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Figure 1. Functional recovery in reaching and grasping after Modified Montoya Staircase (MMS) rehabilitation. After unilateral cervical spinal cord injury (SCI), all rats lost the skilled forelimb functions in the MMS test in the injury side. Rats that received MMS rehabilitation weekly starting from 8 weeks after injury took significantly more pellets than the control group at 13 and 14 weeks post-injury (PI) [(A), p = 0.037 and 0.021, respectively]. The number of pellets taken were significantly increased at 14 weeks PI compared to 8 weeks PI in the MMS rehabilitation group [(A), p = 0.038] but not in the control group, in which the difference between the same two time points was not significant [(A), p = 0.181]. The accuracy rate was also significantly higher in MMS rehabilitation rats compared to control ones at 12, 13, and 14 weeks PI [(B), p = 0.039, 0.015, and 0.0195, respectively]. The accurate rate was significantly decreased in the control group at 13 and 14 weeks PI compared to 8 weeks PI [(B), p = 0.007 and 0.009, respectively]. There were no significant differences at these later time points compared to 8 weeks PI in the MMS training group [(B), p = 0.015 and 0.0195, respectively]. In terms of maximum step reached, there was no significant difference between the MMS rehabilitation group and the control group (C). There was no significant difference from 8 weeks PI to 13 or 14 weeks PI in both groups (C). Results represent mean ± standard error of the mean (SEM); n = 8 in each group. *P < 0.05.

Modified Montoya Staircase Training Did Not Increase the Untrained Locomotion After Chronic Spinal Cord Injury

To test whether MMS rehabilitation can promote recovery in untrained locomotion, injured animals with and without rehabilitation were compared using the grooming and HL tests (Bertelli and Mira, 1993; Gensel et al., 2006). The grooming score was not significantly different between MMS rehabilitation and control groups at any time point (Figure 2A). The percentage of misstep in the HL test was also not significantly different between the two groups at any tested time point (Figure 2B). These data suggest that reach–grasp training does not improve untrained gross forelimb functions.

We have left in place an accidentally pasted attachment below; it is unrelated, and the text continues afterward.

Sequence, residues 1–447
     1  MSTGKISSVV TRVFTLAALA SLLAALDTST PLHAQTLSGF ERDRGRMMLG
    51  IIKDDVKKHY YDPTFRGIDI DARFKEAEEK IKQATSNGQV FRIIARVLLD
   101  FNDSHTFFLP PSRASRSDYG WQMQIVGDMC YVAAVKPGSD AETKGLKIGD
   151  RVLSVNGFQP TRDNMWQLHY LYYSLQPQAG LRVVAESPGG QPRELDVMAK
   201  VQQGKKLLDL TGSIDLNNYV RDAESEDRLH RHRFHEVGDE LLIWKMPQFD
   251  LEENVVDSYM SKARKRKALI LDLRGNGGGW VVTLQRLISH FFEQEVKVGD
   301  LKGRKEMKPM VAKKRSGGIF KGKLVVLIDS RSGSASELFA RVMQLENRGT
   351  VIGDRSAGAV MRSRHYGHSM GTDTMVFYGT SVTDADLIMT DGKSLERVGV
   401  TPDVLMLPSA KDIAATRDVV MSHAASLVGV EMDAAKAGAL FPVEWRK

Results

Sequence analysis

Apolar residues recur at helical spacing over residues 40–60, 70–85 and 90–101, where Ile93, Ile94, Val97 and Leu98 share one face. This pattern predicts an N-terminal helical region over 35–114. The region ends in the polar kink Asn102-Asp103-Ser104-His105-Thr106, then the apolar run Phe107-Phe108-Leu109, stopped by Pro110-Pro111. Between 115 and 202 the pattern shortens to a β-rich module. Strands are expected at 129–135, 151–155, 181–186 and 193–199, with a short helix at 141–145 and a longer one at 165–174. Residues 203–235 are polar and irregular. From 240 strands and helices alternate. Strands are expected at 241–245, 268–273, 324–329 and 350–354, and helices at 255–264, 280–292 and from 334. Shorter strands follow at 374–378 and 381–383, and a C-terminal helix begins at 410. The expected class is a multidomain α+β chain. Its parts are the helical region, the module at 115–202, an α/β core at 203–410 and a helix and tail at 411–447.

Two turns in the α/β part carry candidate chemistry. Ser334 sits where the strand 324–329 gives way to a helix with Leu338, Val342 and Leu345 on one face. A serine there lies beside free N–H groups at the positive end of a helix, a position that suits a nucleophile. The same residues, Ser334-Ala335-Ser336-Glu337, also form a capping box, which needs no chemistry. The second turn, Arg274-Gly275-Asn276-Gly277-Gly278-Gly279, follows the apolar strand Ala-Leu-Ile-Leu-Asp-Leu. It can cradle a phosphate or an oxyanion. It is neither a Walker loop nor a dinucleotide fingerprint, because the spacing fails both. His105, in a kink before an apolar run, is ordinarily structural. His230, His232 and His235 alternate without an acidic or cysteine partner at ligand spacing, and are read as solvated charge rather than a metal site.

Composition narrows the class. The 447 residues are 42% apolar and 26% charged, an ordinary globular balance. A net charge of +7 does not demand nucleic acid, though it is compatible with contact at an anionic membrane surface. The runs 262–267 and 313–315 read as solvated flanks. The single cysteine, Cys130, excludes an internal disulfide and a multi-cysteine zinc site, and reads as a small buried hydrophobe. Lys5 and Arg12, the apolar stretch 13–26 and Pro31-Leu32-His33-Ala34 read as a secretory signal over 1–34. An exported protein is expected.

FIGURE 2
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Figure 2. Effect of Modified Montoya Staircase (MMS) rehabilitation on untrained gross forelimb functions. After spinal cord injury (SCI), all rats lost gross forelimb function in the grooming test (A) and horizontal ladder (HL) test (B). The spontaneous recovery in grooming scores was observed in both MMS rehabilitation and control groups from 6 to 14 weeks post-injury (PI) compared to 2 weeks PI (A). However, there were no significant differences between the two groups at any tested time points (A). The percentages of missteps were significantly decreased in both MMS rehabilitation and control groups from 4 to 14 weeks PI compared to 2 weeks PI (B). The differences between these groups were not significant at any tested time point. Results represent mean ± standard error of the mean (SEM); n = 8 in each group.

Modified Montoya Staircase Rehabilitation Promoted Serotonergic Fibers Sprouting

The descending 5-HT-positive reticulospinal tract plays important roles in voluntary movement (Perrier and Cotel, 2015). To investigate whether MMS rehabilitation has effects in the sprouting of serotonergic fibers, the number of serotonergic fibers was identified by 5-HT immunohistochemical staining and quantified in the ventral horn, the major target area of descending serotonergic fibers in the spinal cord, at 0.8, 1.2, 1.6, and 2 mm caudal to the injury epicenter as well as 4 mm rostral to the epicenter. The quantification showed that the number of 5-HT-IR fibers in the ventral horns caudal to the injury was significantly decreased compared to ventral horns rostral to the injury for both MMS training and control groups (Figures 3A–C). The percentage of 5-HT-IR fibers in the ventral horns caudal to the injury to ones in the ventral horns rostral to injury was less than 50% at 0.8 mm caudal to the injury and gradually increased caudally away from the injury in the injury alone control group (Figures 3A–C). The same changing pattern of 5-HT-IR fibers in the ventral horns was also observed in MMS training animals. However, MMS training animals displayed very marked sprouting and had a significantly higher percentage of 5-HT-IR fibers at C1.2, C1.6, and the average of C0.8 to 2 mm caudal to the injury in comparison with the control group (Figures 3A–C). These data suggest that task-specific rehabilitation promotes the sprouting of serotonergic axons.

FIGURE 3
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Figure 3. Sprouting of serotonergic axons after Modified Montoya Staircase (MMS) rehabilitation. Representative images of 5-hydroxytryptamine (5-HT)-immunoreactive (IR) fibers in the cervical ventral horns 4 mm rostral, 1.2 and 1.6 mm caudal to the injury epicenter were taken in rat without rehabilitation (A1–A3) or with MMS rehabilitation (B1–B3). The quantification showed that MMS rehabilitation significantly increased the amount of 5-HT-IR fibers in ventral horns 1.2 and 1.6 mm caudal to the epicenter and the average from 0.8 to 2 mm caudal to the injury [(C), p = 0.042, 0.032, and 0.039, respectively]. Results in (C) represent mean ± standard error of the mean (SEM); n = 5 in each group. Scale bar = 50 μm (A,B). *P < 0.05.

The Effect of Modified Montoya Staircase Rehabilitation on Synaptic Plasticity After Chronic Spinal Cord Injury